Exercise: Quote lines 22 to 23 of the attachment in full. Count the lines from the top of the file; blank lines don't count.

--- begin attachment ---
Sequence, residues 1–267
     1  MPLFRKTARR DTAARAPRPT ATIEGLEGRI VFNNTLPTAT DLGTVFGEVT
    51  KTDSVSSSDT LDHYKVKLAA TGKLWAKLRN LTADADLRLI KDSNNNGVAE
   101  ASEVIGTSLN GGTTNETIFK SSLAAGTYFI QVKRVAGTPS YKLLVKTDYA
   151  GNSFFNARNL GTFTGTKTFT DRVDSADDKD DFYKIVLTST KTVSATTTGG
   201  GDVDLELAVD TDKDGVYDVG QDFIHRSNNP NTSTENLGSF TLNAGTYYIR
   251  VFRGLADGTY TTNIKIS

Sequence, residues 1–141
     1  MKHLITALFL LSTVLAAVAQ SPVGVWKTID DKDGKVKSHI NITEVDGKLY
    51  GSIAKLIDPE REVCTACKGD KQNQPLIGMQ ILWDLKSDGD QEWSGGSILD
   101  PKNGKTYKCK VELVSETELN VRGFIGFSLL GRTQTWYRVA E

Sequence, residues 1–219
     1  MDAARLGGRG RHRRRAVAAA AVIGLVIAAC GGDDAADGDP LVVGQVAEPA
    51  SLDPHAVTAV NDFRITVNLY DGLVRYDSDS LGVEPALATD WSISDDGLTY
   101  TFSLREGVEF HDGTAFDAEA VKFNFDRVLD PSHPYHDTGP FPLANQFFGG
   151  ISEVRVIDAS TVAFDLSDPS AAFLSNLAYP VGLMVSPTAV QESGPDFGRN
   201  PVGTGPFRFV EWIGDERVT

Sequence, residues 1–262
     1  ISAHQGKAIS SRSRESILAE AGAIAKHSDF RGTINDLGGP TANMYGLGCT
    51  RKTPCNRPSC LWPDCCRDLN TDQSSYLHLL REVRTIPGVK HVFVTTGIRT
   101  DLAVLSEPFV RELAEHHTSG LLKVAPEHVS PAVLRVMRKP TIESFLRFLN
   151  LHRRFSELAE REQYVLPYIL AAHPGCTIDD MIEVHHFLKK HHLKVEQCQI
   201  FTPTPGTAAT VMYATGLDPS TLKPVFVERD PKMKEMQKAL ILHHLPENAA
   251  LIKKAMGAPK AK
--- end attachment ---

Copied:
   151  LHRRFSELAE REQYVLPYIL AAHPGCTIDD MIEVHHFLKK HHLKVEQCQI
   201  FTPTPGTAAT VMYATGLDPS TLKPVFVERD PKMKEMQKAL ILHHLPENAA